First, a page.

As the motto on their opponents’ club crest states: ‘No Battle, No Victory.’
Sheffield United’s development squad did both at the Flamingo Land Stadium, standing toe to toe with a physically superior team before securing, what on paper at least, was a comfortable win.
But, in the grand scheme of things, any hardships Travis Binnion’s squad endured on Saturday afternoon, paled into insignificance compared to those Scarborough Athletic and their supporters have been forced to endure over the past 10 seasons. A fact Mick Wadsworth was quick to acknowledge following the east coast club’s long-awaited homecoming.
“It’s a wonderful moment,” he said. “If you look at the demise of the club, from when they went out of the league, to the problems and issues they had with the ground and the covenant, this that and the other. Having to go to Bridlington will have been a tough haul. But the people who have kept the club going all these years and who have travelled to support them have, in a sense, got some reward.”
Wadsworth knows all about football in Scarborough having spent two-and-half seasons managing the town’s team before it was dissolved after amassing a £2.5m debt. With politicking and red tape preventing Athletic, formed in response to the High Court’s winding-up order, from using the now demolished McCain Stadium, they had spent their entire existence staging ‘home’ fixtures in nearby Bridlington. Until last weekend when United, handpicked because of the two club’s connections, dispatched some of their most talented youngsters to help celebrate the opening of this new ground.
“It’s a nice sight and, from what it looks like, there is room to develop it as well which would be important if they get back up the leagues,” Wadsworth, now a senior development coach at United’s Steelphalt Academy, said. “It’s fantastic and I’m absolutely delighted, delighted, to see them back. It’s just wonderful for the town. In my long and varied carrier, I can honestly say here was one of my happiest times. It was nice working in Scarborough and trying to achieve what we did.”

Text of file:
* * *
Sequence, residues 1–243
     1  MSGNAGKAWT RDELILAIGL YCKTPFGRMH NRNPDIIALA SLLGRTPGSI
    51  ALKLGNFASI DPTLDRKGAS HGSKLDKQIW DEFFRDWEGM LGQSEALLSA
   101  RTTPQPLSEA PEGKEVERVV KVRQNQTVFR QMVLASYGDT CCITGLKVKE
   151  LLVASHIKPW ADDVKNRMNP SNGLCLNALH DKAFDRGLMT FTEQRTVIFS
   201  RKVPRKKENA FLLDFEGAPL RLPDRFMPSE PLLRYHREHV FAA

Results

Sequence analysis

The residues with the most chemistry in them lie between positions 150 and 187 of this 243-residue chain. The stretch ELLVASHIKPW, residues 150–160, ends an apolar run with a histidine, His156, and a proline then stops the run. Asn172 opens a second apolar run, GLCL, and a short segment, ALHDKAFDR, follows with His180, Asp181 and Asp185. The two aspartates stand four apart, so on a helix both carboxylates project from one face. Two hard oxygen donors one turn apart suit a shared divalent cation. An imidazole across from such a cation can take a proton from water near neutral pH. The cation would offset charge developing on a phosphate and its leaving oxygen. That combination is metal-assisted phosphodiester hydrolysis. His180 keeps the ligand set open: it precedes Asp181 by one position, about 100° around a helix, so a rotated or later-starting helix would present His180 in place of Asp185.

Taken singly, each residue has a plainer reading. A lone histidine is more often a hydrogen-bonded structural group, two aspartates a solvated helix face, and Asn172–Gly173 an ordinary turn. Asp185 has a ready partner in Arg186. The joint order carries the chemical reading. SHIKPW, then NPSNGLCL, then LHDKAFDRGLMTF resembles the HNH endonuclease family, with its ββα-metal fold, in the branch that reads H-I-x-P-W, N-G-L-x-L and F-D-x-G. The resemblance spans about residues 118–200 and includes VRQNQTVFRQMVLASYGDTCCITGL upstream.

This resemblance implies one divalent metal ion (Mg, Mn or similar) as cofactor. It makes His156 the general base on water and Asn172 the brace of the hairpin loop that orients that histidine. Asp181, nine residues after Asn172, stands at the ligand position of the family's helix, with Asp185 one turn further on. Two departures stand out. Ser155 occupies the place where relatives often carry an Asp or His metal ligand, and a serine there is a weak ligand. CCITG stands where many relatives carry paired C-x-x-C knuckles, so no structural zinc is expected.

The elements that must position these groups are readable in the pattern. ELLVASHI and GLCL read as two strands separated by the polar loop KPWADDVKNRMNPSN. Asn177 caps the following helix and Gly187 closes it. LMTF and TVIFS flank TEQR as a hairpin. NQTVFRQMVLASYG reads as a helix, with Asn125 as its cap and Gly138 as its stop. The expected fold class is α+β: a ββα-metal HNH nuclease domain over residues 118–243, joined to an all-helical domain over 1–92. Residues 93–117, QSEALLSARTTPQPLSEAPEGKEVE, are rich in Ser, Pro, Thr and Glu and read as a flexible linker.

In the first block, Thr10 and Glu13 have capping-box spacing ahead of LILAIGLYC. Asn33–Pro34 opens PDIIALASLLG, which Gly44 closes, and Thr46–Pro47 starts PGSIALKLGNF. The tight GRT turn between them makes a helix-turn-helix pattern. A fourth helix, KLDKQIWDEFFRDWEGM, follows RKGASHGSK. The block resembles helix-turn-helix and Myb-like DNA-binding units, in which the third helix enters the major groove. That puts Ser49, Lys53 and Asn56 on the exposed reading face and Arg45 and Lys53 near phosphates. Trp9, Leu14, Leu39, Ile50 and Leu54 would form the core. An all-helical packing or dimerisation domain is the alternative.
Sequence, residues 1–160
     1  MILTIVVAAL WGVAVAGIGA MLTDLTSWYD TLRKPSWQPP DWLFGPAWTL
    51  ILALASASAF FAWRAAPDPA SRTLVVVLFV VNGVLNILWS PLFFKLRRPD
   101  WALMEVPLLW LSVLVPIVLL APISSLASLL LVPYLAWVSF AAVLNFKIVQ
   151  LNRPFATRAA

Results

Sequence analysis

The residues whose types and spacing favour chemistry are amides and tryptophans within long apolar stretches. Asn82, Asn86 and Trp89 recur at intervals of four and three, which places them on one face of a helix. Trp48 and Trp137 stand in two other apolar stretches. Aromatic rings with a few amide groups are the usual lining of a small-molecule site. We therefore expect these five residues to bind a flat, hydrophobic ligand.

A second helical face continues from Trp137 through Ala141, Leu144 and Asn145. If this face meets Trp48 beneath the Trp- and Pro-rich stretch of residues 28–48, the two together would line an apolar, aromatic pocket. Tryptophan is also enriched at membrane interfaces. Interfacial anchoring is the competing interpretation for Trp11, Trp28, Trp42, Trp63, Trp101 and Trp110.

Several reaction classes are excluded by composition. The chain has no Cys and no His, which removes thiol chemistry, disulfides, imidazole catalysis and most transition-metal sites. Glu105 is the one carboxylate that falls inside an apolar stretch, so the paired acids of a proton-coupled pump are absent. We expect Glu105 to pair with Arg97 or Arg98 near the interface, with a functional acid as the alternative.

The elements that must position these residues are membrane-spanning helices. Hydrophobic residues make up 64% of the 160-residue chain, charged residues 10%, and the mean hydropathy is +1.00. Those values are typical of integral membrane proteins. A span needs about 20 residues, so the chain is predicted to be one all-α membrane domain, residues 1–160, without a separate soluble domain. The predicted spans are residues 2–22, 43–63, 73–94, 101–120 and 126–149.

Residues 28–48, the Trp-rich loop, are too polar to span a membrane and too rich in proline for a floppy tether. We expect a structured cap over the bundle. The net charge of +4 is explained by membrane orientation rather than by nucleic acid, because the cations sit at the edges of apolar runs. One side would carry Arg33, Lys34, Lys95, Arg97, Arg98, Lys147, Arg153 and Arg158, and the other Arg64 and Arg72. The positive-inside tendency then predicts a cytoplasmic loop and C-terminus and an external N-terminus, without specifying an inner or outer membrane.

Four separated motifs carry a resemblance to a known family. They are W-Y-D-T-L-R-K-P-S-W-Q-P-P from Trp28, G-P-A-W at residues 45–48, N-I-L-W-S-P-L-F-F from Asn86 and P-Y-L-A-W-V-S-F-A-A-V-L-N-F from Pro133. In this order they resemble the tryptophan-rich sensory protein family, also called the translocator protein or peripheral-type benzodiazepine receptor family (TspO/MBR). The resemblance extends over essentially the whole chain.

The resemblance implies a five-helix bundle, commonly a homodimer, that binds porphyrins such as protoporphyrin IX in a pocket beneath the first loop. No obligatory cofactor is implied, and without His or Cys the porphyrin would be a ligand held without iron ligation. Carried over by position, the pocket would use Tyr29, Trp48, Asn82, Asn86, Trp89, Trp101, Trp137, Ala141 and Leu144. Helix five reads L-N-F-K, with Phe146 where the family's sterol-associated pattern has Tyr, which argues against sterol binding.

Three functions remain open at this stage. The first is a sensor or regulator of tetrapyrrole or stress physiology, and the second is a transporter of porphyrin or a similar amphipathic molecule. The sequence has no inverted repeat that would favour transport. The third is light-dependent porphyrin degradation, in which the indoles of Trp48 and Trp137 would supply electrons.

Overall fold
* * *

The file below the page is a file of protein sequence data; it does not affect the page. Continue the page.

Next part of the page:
“It was a quiet-ish afternoon for me,” Wadsworth continued. “Because that’s my role here, to be more in the background.”
United, who 24 hours earlier had held an open training session at a nearby rugby club, took the lead when Matty Turnbull sliced Kieran Wallace’s cross into his own net. Jimmy Beadle, a former Scarborough FC player, scrambled home an equaliser on the stroke of half-time before further efforts from Rhys Norrington-Davies and Jake Wright (2) ensured it was United who triumphed.
Wright, who spent last term on loan at York City, Southport and Gateshead, appears ready to enjoy a spell in the Football League. Likewise Jordan Hallam who twice drew fine close-range saves from Tom Turnbull. Regan Slater, who provided United with a combative edge in midfield, sent a low drive fizzing just past the post as Binnion, flanked by Wadsworth, John Dungworth and Jamie Annerson on the touchline, watched his side build another spell of pressure.
Earlier Kevin McCabe, United’s co-owner, had been invited to address the crowd before kick-off by Athletic chairman Trevor Bull. The visitors, whose technical superiority and willingness to engage told during the closing stages of the game, have shared countless players and staff with their hosts over the years. Several, including Jason Rockett and Wadsworth, were present to help Athletic celebrate their homecoming.
“It’s not good having to travel like they have,” Wadsworth said. “In my time at Gretna, we were playing 80 miles away and it’s a soulless job. I did go to a game at Bridlington a few years ago, when they were winning a promotion. Again the atmosphere and the numbers of people who had gone across. That struck me. It’s been a really good day for everyone. We’re delighted to be the team they played after coming home.”